The bar, with its panoramic view of the lake, seats 15 to 20 people. A handful of guests intently watched a soccer game as we introduced ourselves, and our purpose, to the bartender. Beer selection is primarily domestic, mostly from the Anheuser Busch and Matt’s brewing families. Canned beers (14 of them) include Utica Club and Genesee. Very retro. As Pam sat at the bar trying to decide what to order from the standard selection of liquors, she noticed that every one of the bar pours on the liquor bottles was not only the same color (green), but were all pointing in the same “wrong” direction. We have been to a lot of bars and have never seen either phenomenon. Not willing to let it go on observation, she mentioned to the bartender that he might have difficulties if he hired a left-handed bartender. Promising that would never happen, he smiled graciously and changed the subject, but seemed pleased that his efforts were noticed. We did take the time to inquire if the Glenmore had any specialty drinks unique to the establishment. Robert shared the ingredient list of the Flaming Glenmore, consisting of coffee, Yukon Jack, Amaretto and whipped cream.

It took some time for him to loosen up, but owner/bartender Robert Muller eventually warmed to our inquisition. He told us of a writers’ group that, for the past 36 years, meets at the Glenmore. Robert is of the opinion that some may no longer write, but continue to enjoy each other's company, spending a weekend there every year under the auspices of the Tamarack Writers Group. (For the record, he did not use the word "auspices".)

Kim inquired about hauntings, particularly in the death of Grace Brown in 1906. Grace and her companion, Chester Gillette, had checked in to the Glenmore the night before her demise, which she met at the hands of Gillette while rowing out on the lake. Several locations around Big Moose Lake claim to be haunted by her presence, and the television series Unsolved Mysteries aired an episode based on ghostly encounters in Big Moose in 1996. Robert also mentioned the apparition of a “creepy, tall, old dude” who occasionally makes his presence known.

The Glenmore Hotel Bar & Grill has been in business for 100 years and owned by the current owners, the Muller family, since the 1970s. When a fire of suspicious origin destroyed the original hotel in 1950, the Glenmore Hotel relocated across the street to its present location, originally home to the Big Moose Supply Company. A bar, restaurant and hotel located yards from Big Moose Lake, you can feel the history as you gaze upon the lake from the bar.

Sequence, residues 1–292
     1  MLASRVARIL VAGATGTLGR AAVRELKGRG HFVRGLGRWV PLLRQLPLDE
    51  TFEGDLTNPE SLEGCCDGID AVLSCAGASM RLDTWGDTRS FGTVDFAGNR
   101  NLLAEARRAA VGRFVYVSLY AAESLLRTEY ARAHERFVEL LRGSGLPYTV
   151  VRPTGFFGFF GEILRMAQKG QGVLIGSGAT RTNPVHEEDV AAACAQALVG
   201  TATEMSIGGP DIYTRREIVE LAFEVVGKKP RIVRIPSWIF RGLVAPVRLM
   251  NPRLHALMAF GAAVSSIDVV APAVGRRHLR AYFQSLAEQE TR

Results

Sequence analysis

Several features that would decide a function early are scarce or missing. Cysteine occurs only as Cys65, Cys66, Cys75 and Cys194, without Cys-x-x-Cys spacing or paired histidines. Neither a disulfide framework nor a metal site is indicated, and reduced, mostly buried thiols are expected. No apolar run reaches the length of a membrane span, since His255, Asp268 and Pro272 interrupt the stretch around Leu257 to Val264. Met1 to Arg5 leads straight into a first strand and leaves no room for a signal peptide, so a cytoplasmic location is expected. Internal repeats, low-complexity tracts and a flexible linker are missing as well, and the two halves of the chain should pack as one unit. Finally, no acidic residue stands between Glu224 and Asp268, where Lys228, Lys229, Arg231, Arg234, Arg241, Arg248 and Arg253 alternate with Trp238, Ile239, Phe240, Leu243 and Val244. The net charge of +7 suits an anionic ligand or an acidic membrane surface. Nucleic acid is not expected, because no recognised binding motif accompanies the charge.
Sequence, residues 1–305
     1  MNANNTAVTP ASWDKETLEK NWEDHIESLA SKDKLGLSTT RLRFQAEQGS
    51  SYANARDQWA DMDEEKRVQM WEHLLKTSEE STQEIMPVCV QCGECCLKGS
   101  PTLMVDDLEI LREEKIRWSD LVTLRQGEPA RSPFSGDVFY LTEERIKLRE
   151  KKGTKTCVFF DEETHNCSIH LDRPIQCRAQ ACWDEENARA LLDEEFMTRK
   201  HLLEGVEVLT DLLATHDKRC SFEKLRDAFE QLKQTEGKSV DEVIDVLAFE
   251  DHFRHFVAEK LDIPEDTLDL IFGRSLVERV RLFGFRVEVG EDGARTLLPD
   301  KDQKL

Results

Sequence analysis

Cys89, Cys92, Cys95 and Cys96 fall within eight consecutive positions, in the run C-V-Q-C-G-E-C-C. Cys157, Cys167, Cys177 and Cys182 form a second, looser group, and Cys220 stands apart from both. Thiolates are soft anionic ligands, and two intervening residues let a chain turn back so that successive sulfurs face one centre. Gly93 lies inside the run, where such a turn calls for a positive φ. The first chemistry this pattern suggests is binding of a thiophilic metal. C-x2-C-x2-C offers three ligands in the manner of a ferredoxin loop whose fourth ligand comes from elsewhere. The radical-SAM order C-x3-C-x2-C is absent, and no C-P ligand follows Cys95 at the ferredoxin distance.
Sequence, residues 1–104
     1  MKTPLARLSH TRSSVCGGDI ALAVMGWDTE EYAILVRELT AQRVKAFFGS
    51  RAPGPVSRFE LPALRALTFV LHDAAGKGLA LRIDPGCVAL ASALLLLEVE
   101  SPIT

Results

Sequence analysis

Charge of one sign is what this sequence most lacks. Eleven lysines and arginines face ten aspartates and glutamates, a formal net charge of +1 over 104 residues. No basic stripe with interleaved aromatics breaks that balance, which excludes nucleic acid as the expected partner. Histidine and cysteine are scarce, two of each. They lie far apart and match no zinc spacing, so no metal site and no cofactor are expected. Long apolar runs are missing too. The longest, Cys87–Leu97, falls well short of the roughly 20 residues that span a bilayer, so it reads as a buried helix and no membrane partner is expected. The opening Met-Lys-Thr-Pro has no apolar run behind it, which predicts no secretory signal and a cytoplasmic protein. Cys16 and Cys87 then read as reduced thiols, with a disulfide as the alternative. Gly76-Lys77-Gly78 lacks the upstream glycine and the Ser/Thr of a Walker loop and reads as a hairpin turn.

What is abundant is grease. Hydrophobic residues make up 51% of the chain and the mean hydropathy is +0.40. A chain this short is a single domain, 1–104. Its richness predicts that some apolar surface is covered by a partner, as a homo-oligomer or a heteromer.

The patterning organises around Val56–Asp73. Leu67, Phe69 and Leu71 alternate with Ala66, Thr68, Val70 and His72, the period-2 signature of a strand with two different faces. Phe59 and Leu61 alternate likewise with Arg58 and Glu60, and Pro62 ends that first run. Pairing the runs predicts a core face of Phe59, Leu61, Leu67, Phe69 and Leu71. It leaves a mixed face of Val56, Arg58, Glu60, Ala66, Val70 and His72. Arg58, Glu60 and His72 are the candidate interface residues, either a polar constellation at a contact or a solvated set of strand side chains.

In summer months, the Glenmore is open Monday through Thursday from 4 p.m. to 1 a.m. and noon to 1 a.m. on weekends. Closed Monday through Thursday in the fall and spring, they are open Friday through Sunday. Surprisingly, to us at least, Robert, who likes winter best, claims that winter is the best season to visit. Winter hours at the Glenmore begin with opening for the Snodeo, occurring this year December 9-11, and end with St. Patrick’s Day. The no-nonsense menu includes pizzas, salads, burgers, sandwiches and bar munchies in the $7 to $10 range.

The hotel has 11 rooms accommodating up to 24 people. Rooms are simple, unique and comfortable with few amenities. Two full and one half bath are shared by all the guests. They have no WiFi, no cell service either, but a phone booth outside actually appeared to still be in service. History, a remote setting, simple charm, and circumspect hospitality await guests and visitors to the Glenmore Bar and Grill.

Cheers & Bottoms Up!
Kim & Pam

Saturday, October 15, 2011

Slickers Adirondack Tavern - Old Forge

The brightly painted yellow exterior of Slickers Adirondack Tavern caught our attention as we made our way back into Old Forge. Since it was within walking distance to most of the accommodations in Old Forge, plenty of parking was available. Wearing a bright yellow coat, Slickers is perched on the edge of the Fulton Chain of Lakes, the beach and lake on view from the bar.

Slickers was the sixth of eight bars we covered on our Old Forge tour back in July, but somehow we never got around to writing the review. Since we didn’t go anywhere new over the weekend we resurrected Slickers from the “unfinished” bin.

The bar seats about 10 people, and all seats were taken with several patrons standing. The upbeat crowd steadily building on this Saturday night in July, we ordered drinks from the typical beer and booze options and found a seat along on the wall where we could rest our drinks, take notes, and keep out of the way of the wait staff passing through to the busy restaurant seating area. Additional bar seating was available in an adjacent room, but we needed to be in the mix.